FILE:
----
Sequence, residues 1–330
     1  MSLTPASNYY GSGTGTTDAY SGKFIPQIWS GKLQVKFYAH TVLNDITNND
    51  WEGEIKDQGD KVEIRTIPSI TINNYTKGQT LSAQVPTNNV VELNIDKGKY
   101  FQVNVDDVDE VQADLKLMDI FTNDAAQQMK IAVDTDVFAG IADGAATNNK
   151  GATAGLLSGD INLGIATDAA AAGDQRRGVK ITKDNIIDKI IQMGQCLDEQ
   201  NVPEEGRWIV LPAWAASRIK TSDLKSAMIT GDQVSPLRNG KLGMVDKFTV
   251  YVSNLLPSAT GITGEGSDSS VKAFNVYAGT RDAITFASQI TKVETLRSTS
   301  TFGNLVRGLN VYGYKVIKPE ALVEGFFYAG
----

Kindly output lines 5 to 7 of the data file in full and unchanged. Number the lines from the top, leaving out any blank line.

   151  GATAGLLSGD INLGIATDAA AAGDQRRGVK ITKDNIIDKI IQMGQCLDEQ
   201  NVPEEGRWIV LPAWAASRIK TSDLKSAMIT GDQVSPLRNG KLGMVDKFTV
   251  YVSNLLPSAT GITGEGSDSS VKAFNVYAGT RDAITFASQI TKVETLRSTS